Continuous drug delivery (CDD) is used in moderately advanced and late-stage Parkinson’s disease (PD) to control motor and non-motor fluctuations (‘OFF’ periods). Transdermal rotigotine is indicated for early fluctuations, while subcutaneous apomorphine infusion and levodopa-carbidopa intestinal gel are utilised in advanced PD. All three strategies are considered examples of continuous dopaminergic stimulation achieved through CDD. A central premise of the CDD is to achieve stable control of the parkinsonian motor and non-motor states and avoid emergence of ‘OFF’ periods. However, data suggest that despite their efficacy in reducing the number and duration of ‘OFF’ periods, these strategies still do not prevent ‘OFF’ periods in the middle to late stages of PD, thus contradicting the widely held concepts of continuous drug delivery and continuous dopaminergic stimulation. Why these emergent ‘OFF’ periods still occur is unknown. In this review, we analyse the potential reasons for their persistence. The contribution of drug- and device-related involvement, and the problems related to site-specific drug delivery are analysed. We propose that changes in dopaminergic and non-dopaminergic mechanisms in the basal ganglia might render these persistent ‘OFF’ periods unresponsive to dopaminergic therapy delivered via CDD.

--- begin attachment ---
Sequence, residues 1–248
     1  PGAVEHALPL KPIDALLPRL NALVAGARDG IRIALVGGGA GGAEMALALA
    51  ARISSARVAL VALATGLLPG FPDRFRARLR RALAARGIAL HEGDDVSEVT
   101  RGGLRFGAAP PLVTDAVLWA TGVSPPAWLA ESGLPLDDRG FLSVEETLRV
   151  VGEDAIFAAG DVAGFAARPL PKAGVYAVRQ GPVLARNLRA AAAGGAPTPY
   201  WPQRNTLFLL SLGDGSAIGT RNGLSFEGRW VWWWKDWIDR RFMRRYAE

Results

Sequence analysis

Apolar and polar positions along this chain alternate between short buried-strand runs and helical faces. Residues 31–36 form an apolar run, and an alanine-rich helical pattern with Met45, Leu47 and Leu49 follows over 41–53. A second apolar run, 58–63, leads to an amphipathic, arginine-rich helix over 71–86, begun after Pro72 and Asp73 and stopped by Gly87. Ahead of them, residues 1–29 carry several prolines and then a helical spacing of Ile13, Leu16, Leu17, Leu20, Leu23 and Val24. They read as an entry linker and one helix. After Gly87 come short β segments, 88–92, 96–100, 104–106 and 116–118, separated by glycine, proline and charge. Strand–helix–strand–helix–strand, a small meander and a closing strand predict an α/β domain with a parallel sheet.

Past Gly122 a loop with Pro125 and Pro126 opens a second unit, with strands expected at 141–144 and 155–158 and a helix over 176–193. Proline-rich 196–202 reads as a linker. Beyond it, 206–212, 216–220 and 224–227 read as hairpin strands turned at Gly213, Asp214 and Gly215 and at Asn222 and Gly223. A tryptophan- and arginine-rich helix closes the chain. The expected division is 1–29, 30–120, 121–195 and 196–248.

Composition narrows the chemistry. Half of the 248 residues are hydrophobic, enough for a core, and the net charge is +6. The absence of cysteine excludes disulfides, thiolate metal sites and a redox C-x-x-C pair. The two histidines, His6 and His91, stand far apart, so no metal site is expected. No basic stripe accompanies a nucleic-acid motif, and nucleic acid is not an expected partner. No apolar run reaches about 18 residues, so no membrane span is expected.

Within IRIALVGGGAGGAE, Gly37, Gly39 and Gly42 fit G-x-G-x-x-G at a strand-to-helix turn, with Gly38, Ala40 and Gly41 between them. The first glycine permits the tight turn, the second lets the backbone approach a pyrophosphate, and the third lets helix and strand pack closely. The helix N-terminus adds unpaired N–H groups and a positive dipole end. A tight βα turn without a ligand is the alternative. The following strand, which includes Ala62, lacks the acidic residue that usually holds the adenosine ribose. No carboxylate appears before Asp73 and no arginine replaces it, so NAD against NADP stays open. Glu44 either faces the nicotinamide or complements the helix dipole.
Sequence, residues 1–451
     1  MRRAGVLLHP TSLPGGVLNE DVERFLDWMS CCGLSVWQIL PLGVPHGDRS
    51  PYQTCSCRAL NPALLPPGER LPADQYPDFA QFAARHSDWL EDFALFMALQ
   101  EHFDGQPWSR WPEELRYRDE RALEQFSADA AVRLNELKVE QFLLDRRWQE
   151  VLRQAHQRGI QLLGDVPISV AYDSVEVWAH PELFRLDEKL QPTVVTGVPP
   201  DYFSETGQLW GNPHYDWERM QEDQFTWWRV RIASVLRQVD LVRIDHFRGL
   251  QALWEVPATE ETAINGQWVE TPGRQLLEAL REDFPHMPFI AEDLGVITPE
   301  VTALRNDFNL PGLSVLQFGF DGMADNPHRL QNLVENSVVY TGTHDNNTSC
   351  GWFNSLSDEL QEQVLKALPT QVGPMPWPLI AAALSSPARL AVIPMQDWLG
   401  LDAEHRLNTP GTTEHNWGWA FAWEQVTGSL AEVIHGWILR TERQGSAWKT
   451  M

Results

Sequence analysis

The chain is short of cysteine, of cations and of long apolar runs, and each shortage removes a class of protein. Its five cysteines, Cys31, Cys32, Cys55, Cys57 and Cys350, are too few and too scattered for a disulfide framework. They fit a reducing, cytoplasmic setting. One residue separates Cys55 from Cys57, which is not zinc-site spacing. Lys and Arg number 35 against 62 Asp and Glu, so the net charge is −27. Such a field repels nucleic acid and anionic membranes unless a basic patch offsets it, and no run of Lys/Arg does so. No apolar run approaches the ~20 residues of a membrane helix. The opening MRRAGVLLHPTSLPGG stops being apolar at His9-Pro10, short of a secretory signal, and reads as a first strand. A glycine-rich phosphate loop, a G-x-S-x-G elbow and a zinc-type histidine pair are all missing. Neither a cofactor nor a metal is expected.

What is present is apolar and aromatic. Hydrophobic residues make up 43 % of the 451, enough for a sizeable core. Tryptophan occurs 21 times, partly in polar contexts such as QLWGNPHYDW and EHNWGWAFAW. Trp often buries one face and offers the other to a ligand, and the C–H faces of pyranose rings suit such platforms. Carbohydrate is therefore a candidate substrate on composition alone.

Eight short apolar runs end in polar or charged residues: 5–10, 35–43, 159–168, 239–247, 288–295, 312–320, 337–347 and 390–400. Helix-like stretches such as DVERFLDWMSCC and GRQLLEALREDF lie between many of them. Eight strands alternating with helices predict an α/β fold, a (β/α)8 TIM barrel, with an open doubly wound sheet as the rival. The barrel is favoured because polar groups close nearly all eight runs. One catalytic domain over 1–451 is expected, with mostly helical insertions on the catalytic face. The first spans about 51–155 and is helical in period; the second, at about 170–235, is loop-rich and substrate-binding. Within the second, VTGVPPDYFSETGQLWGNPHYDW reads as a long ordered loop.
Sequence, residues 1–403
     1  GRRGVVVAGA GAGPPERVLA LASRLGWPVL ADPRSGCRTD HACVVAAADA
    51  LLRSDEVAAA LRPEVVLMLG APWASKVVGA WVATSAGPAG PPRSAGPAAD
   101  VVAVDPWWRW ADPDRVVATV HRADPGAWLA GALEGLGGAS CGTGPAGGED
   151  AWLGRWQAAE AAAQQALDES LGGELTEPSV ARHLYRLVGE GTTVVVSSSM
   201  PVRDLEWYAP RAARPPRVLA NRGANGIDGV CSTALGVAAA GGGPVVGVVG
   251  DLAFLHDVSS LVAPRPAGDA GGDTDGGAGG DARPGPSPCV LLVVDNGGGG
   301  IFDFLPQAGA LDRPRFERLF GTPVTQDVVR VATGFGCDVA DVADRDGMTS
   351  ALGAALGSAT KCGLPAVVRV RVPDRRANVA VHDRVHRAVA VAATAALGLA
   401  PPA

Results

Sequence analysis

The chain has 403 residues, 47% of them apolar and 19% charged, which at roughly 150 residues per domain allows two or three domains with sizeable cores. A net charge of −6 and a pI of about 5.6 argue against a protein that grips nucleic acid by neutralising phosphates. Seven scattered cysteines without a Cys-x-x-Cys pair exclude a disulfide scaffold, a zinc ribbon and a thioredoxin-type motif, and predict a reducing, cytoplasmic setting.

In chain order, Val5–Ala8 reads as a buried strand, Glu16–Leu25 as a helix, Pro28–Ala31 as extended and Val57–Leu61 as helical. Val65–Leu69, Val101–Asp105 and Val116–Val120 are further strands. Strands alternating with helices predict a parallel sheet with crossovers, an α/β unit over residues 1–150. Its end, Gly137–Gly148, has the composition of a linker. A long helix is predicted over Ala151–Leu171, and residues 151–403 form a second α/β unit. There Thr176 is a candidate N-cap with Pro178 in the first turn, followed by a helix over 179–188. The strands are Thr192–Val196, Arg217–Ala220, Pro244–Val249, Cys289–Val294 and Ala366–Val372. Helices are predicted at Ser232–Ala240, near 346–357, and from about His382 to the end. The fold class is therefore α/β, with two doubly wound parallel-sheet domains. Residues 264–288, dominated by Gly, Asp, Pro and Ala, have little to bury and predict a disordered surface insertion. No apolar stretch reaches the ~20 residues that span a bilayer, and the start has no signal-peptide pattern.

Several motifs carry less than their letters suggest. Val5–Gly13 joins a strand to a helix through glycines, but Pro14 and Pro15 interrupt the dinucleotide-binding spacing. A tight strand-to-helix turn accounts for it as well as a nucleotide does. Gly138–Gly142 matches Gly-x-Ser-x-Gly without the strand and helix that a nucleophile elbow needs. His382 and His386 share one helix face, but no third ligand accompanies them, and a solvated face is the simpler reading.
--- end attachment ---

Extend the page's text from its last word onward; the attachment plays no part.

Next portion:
Why do ‘OFF’ periods still occur during continuous drug delivery in Parkinson’s disease? | Translational Neurodegeneration | Full Text (